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What Keeps CEO's and CHRO's up at Night

Amidst headlines filled with layoffs, advancements in artificial intelligence, and economic turmoil, one might assume CEOs are least concerned about their people. However, despite the volatile landscape, the labour market remains tight, with 1.9 job openings available for every job seeker in Canada, indicating that employees have significant leverage. As a result, it is the strength of their workforce that truly keeps CEOs awake at night.

A recent study conducted by the Center for Analytics and Behavioral Research (CABER) at DDI, known as the Global Leadership Forecast 2023, delved into the perspectives of 1,827 human resource professionals and 13,695 leaders worldwide, including 529 CEOs, regarding the state of leadership.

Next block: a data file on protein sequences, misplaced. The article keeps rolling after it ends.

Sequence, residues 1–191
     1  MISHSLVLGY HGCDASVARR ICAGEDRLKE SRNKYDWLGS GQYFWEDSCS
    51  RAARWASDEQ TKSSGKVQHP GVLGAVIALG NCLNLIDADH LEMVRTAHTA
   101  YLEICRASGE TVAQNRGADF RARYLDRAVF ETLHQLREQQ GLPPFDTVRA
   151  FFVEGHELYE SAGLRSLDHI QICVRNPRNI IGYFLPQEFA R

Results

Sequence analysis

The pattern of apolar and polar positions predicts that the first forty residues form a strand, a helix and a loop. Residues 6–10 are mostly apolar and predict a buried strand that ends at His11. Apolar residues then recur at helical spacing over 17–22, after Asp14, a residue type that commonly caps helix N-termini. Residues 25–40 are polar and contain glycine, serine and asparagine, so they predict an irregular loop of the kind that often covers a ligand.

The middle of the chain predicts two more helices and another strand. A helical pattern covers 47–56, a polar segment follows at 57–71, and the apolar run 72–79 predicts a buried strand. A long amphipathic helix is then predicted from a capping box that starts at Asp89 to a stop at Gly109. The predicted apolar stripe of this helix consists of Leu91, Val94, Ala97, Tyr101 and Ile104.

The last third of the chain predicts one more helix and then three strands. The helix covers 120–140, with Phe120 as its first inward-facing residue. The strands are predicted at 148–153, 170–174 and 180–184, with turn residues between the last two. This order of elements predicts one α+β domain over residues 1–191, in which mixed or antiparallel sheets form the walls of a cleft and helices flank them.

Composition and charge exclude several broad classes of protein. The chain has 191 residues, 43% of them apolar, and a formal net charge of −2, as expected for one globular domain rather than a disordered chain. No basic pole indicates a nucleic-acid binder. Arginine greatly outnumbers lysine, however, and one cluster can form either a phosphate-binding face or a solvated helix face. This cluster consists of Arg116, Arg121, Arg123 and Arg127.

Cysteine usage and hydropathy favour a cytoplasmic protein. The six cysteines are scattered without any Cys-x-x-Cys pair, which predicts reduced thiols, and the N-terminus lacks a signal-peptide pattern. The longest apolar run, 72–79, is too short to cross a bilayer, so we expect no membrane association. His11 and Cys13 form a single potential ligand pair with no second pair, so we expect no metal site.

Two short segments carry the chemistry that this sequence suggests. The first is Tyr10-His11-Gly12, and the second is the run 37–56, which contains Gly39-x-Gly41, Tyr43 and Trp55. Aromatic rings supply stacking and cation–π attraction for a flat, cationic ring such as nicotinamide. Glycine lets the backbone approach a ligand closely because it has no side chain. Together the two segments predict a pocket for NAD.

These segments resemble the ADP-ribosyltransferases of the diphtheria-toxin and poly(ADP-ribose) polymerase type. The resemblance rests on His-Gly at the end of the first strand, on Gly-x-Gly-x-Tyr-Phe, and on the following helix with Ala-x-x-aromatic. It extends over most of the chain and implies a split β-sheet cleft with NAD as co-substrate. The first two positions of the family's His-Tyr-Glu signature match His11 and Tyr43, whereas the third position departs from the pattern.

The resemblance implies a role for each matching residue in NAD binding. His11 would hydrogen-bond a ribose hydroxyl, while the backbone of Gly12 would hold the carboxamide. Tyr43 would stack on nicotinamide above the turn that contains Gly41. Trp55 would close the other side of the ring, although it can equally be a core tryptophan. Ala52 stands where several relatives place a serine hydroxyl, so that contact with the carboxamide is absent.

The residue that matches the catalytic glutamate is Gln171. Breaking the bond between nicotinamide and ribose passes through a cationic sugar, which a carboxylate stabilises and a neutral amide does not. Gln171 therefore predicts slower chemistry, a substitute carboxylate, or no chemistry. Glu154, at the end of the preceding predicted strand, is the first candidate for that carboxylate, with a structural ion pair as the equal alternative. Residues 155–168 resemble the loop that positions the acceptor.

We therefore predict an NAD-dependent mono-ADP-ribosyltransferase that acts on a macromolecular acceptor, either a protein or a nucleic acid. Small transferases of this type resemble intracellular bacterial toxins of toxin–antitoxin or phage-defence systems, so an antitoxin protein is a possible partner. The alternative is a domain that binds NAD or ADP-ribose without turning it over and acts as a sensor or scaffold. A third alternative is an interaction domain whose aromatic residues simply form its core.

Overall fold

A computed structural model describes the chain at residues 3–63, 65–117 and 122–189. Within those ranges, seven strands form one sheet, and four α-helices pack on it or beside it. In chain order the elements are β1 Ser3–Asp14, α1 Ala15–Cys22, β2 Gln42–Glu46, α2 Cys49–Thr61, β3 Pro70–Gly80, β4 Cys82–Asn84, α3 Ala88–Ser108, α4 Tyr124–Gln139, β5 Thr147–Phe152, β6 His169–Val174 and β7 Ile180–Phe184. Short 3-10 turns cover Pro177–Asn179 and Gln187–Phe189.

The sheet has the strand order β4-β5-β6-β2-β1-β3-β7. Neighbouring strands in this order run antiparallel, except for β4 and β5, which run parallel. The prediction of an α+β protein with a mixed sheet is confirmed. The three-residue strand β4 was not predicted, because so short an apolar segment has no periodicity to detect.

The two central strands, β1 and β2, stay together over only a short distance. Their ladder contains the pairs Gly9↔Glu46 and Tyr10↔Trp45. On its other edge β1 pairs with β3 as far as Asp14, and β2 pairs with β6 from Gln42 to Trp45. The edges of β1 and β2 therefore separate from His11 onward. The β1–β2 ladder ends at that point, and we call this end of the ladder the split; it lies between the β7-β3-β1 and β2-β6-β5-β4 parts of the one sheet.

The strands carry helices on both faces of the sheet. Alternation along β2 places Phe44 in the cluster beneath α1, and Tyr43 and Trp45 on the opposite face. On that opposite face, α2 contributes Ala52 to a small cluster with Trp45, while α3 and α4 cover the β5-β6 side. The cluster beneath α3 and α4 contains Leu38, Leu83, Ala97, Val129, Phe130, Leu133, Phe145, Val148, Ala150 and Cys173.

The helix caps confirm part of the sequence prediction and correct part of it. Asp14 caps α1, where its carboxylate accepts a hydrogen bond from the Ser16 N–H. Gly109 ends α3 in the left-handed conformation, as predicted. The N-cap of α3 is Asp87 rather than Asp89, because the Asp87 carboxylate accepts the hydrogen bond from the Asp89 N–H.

The study's findings were surprising: talent challenges have become the top three concerns for CEOs for the first time in over two decades. While these challenges may be interconnected, the C-suite needs to approach each individually, addressing the underlying factors critically.

Top Concern #1: Attracting and Retaining Top Talent

As CEOs face uncertain business and economic conditions, they recognize the importance of having a highly skilled and versatile workforce capable of swiftly adapting to new challenges. However, with a surge in resignations and a tight labour market, 54% of companies experienced increased turnover in the previous year. Many organizations struggle to fill vacant positions, lacking the usual negotiating power to attract top talent.